|Description of this GroupDescription of this Group|
Scope of Group
The Group includes Commonwealth Government agencies. Following Federation many functions passed to the Commonwealth Government, some completely, others on a shared basis.
Federation in 1901
At a Conference of Premiers which met at Hobart on 29 January 1895, it was agreed that federation "was the great and pressing question of Australian politics" and that "the forming of a Federal Constitution" was an urgent duty. (see Commonwealth of Australia Year Book No.1 1908 p.19).
Federation had, of course, been the subject of extensive discussion, negotiation and lobbying prior to that time. An enabling Act, the Federal Council Referring Act (Victoria) 1896 (No.1464) was passed by the Victorian Parliament in 1896 and similar acts were passed in the other Colonies. In March 1896, representatives were elected to the Federal Convention which subsequently met in a number of sessions in 1897 and 1898. A draft Bill was prepared and referenda were held in five of the colonies in 1899 and in Western Australia in 1900.
The agreement to federate made by the six colonies was given legal form with the passing of the (Imperial) Commonwealth of Australia Constitution Act 1900 which became operative on 1 January 1901, thereby creating the Commonwealth of Australia and a federation of six States.
Geoffrey Sawer (in Australian Government Today 13th edition, Pitson Publishing 1987, p.4) has described the terms of the federal compact by which the six colonies agreed to the sharing of power within a federation as being "that the colonies should as states in the federation retain their existing constitutions and complete apparatus of government; that a new central government should be created with Australia wide authority, similarly equipped with parliament, executive, judiciary and the subordinate machinery of government; that the states should retain a general unspecified legislative power, qualified only by the grant to the new federal authority of a specific list of powers and by a few constitutional prohibitions and that the courts should police the whole system".
Initial Division of Powers
Under the provisions of the Constitution of the Commonwealth and in particular section 51, the Federal Government was given the power to legislate with respect to the following matters: trade and commerce with other countries and among the states, taxation, customs and excise, public borrowing, defence, external affairs, immigration and emigration, naturalisation, quarantine, banking, insurance, bankruptcy and insolvency, foreign corporations, trading and financial corporations, currency and coinage, weights and measures, copyrights and patents, postal, telegraphic and telephonic services, census and statistics, marriage and divorce, invalid and old age pensions, railways, conciliation and arbitration, fisheries, lighthouses, astronomical and meteorological observations, acquisition of property, federal territories and the federal public service.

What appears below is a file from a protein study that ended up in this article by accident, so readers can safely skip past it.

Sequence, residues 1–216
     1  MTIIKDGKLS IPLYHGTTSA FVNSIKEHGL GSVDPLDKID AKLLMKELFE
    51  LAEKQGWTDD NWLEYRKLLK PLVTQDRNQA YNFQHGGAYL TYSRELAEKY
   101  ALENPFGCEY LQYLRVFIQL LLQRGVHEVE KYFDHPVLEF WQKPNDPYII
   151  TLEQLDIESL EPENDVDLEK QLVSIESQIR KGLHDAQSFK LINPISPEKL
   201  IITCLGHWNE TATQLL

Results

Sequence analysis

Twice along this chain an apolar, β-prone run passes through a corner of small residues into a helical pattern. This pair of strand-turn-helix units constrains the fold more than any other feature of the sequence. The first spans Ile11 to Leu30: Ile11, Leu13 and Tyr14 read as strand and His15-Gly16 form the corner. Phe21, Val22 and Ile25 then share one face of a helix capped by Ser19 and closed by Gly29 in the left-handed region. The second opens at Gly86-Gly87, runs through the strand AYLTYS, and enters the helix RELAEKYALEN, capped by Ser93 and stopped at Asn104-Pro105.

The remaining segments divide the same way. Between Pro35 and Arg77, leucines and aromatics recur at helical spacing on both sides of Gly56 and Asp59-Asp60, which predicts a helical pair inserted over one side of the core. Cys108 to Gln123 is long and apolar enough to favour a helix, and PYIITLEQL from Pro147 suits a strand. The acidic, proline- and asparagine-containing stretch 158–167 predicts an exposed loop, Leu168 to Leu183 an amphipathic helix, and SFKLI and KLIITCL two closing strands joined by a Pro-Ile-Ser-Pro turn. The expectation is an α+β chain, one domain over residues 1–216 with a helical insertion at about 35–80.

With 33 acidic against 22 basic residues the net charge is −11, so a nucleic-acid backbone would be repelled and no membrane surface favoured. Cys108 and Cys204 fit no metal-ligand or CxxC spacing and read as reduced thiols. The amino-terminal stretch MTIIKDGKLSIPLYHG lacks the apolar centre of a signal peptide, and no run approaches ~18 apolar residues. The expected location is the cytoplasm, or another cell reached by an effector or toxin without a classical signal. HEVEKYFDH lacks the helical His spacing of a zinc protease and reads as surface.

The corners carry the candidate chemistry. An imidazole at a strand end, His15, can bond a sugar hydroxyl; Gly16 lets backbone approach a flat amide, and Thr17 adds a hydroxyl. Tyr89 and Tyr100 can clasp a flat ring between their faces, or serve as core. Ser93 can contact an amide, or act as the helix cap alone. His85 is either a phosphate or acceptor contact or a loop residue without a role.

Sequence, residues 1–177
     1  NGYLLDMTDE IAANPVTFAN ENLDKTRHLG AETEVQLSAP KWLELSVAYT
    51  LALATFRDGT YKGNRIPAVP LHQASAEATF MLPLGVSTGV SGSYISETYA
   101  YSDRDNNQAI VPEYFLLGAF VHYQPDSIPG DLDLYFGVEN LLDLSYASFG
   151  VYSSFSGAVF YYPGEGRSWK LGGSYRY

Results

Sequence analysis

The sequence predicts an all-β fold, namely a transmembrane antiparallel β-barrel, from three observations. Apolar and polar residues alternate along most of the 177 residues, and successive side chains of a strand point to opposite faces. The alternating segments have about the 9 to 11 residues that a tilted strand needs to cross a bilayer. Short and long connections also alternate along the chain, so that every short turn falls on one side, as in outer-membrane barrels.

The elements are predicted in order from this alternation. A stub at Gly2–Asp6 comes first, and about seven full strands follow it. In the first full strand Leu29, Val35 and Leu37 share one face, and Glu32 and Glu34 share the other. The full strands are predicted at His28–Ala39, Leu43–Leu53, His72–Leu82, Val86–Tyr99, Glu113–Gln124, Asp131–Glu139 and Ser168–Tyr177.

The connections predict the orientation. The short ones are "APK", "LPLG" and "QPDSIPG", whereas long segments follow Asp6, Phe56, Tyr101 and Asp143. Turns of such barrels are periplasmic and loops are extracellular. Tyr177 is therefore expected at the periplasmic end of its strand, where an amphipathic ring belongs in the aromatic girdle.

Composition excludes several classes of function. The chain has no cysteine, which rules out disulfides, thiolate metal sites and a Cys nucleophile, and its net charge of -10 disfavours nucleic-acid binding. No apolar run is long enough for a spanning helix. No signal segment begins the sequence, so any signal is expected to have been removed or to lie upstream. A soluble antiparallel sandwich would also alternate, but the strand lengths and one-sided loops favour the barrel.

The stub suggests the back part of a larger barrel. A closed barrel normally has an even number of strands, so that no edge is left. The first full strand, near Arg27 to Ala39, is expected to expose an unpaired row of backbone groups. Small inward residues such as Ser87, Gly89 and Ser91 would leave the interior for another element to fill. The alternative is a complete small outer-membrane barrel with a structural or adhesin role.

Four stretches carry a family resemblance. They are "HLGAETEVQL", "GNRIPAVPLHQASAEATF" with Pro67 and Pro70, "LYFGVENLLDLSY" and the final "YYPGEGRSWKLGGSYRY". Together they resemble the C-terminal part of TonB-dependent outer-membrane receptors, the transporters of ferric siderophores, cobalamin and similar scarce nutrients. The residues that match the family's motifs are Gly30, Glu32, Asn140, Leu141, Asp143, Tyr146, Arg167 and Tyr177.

While the Federal Government was given exclusive power with respect to some matters such as defence, customs, posts and telegraph, currency and the federal territories, on many matters the States retained a concurrent legislative power. However where State law is inconsistent with federal law, the federal law takes precedence.
The Federal Government did not immediately exercise the full range of its powers, for example it was not until 1928 that federal bankruptcy legislation became operative and while a Federal Court of Bankruptcy having jurisdiction throughout Australia was established, its jurisdiction was only exercised directly in New South Wales, the Australian Capital Territory and Victoria. Elsewhere its jurisdiction was exercised by State courts. It was only with the passing of the Family Law Act 1975 and the establishment of the Family Court, that the federal authorities assumed full legal and administrative responsibility for marriage and divorce, though uniform legislation regarding divorce and matrimonial causes and marriage had been passed in 1959 and 1961 respectively.
In some cases, for example the immigration function, the Commonwealth initially took responsibility for some aspects, but there was a prolonged period of joint responsibility before the Commonwealth took over completely. In 1904 control and regulation of immigration and all aspects of non-British immigration passed to the Commonwealth, except for the monitoring of immigrant arrivals which remained with the State until 1923. The Commonwealth and State Government had joint responsibility for the administration of British Immigration Schemes, and the provision of associated reception, settlement and welfare services until 1982 when the Commonwealth assumed full responsibility for all immigration matters.
Expansion of the Federal Government's Powers
The Constitution may be amended by means of a popular referendum but few referenda have achieved the necessary support. Sawer argues that of the few that have been carried, "the most significant for inter-governmental relations have been that of 1928 validating control of federal and state governmental borrowing by a joint Loan Council"; the extension of federal powers relating to social services in 1946, and "the 1967 amendment concerning the position of the Australian Aboriginals" (Sawer, 1987 p.8).